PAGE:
Mentions: We hypothesized that loss of both APCs would abrogate asymmetric division or eliminate persistent spindle alignment. Surprisingly, neither property was disrupted. We assessed asymmetric divisions using CD8-GFP, revealing membranes, nuclei, and spindles (Fig. 1, D and E), or Tau-GFP, marking spindles (Fig. 1, F and G). Double mutant NBs (both APC2g10 APC1Q8 and APC2d40 APC1Q8) exhibited apparently normal asymmetric divisions with high fidelity (Fig. 1, D–G; Table S1, and Videos 1–3, available at http://www.jcb.org/cgi/content/full/jcb.200807079/DC1). Furthermore, mutant NBs maintained a persistent division axis as in wild type, with the new daughter always born next to the previous daughter (Fig. 2, A–C; Table S1, and Videos 4–6). Because cortical polarity proteins regulate spindle alignment in many cell types, we examined the relationship between cortical polarity and spindle orientation. This was normal for both apical (aPKC; Fig. S3, A and B) and basal (Miranda; Fig. S3, C and D) markers. Finally, adherens junction proteins remained asymmetrically localized (Fig. S3, E–J). Thus, APCs are not essential for the decision between symmetric and asymmetric divisions here, as was suggested in embryos (Lu et al., 2001). Furthermore, APC loss must not eliminate MT–cortical interactions critical for CB NB spindle orientation (Siller et al., 2005, 2006), as loss of APC does in some cultured mammalian cells (Green and Kaplan, 2003; Caldwell et al., 2007).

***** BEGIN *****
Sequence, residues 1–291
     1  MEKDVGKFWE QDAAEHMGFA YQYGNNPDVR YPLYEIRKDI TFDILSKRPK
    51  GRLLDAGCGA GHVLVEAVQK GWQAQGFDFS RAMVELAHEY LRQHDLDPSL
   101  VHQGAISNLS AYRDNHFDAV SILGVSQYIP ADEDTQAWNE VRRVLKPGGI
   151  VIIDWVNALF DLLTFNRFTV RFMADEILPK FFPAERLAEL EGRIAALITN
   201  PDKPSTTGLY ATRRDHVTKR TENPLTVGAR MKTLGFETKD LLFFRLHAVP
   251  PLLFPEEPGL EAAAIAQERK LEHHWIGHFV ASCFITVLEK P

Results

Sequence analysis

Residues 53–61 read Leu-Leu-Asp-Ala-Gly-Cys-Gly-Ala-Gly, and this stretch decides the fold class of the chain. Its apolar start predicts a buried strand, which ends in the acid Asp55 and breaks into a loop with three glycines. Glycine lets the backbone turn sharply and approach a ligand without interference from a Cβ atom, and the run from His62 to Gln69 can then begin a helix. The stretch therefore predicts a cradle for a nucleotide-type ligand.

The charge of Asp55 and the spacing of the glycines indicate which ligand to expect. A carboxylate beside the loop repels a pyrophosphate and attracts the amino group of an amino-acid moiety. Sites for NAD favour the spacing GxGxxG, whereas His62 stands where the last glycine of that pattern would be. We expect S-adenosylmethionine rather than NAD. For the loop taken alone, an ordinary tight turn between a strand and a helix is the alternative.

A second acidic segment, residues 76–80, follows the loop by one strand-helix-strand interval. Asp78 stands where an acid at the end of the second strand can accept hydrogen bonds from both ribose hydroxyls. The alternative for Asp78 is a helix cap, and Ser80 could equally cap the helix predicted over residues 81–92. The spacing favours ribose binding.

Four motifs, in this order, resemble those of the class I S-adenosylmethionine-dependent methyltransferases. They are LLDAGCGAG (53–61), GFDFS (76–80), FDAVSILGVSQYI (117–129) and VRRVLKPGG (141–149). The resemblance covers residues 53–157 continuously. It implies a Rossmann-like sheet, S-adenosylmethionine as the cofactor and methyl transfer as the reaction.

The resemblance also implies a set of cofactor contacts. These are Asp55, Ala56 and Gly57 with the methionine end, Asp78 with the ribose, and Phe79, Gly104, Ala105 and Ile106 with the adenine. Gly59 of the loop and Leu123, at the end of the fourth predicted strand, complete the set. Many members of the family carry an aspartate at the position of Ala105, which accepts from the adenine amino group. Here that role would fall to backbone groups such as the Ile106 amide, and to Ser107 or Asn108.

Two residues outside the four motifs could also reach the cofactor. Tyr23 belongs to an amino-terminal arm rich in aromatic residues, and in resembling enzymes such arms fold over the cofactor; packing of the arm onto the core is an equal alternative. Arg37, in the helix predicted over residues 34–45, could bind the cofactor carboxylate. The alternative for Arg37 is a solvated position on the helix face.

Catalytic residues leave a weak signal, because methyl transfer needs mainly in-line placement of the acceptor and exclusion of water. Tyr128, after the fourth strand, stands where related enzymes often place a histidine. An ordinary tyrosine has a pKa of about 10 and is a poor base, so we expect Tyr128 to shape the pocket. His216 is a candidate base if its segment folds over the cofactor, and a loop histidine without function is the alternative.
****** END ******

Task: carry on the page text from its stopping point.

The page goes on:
Putting the model to the test: are APC proteins essential for neuronal polarity, axon outgrowth, and axon targeting?

Rusan NM, Akong K, Peifer M - J. Cell Biol. (2008)

CB NBs do not require APCs for persistent spindle positioning. (A–C) Time-lapse images; NB clones followed for two rounds of division. Tau∷GFP (A and B) or CD8∷GFP (C). Arrowheads, GMCs from first round of division; arrows, GMCs from second round. (A) Control clone. (B) APC2d40APC1Q8 clone. (C) APC2g10 APC1Q8 clone. The GMC from the first round does not remain in focus during the second round. (D–H) Bent spindle phenotype. (D and E) Fixed samples. (D) Wild type (WT). (E) APC2g10APC1Q8. (F–H) Time lapse of NB clones, prophase, metaphase, and one frame before anaphase onset (AO). (F) Control. (G) APC2d40APC1Q8 transitioning through bent spindle intermediate. Dashed circles outline NB. (H) APC2d40APC1Q8 without bent spindle. Time is given in hours:minutes:seconds. Bars,10 μm.
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fig2: CB NBs do not require APCs for persistent spindle positioning. (A–C) Time-lapse images; NB clones followed for two rounds of division. Tau∷GFP (A and B) or CD8∷GFP (C). Arrowheads, GMCs from first round of division; arrows, GMCs from second round. (A) Control clone. (B) APC2d40APC1Q8 clone. (C) APC2g10 APC1Q8 clone. The GMC from the first round does not remain in focus during the second round. (D–H) Bent spindle phenotype. (D and E) Fixed samples. (D) Wild type (WT). (E) APC2g10APC1Q8. (F–H) Time lapse of NB clones, prophase, metaphase, and one frame before anaphase onset (AO). (F) Control. (G) APC2d40APC1Q8 transitioning through bent spindle intermediate. Dashed circles outline NB. (H) APC2d40APC1Q8 without bent spindle. Time is given in hours:minutes:seconds. Bars,10 μm.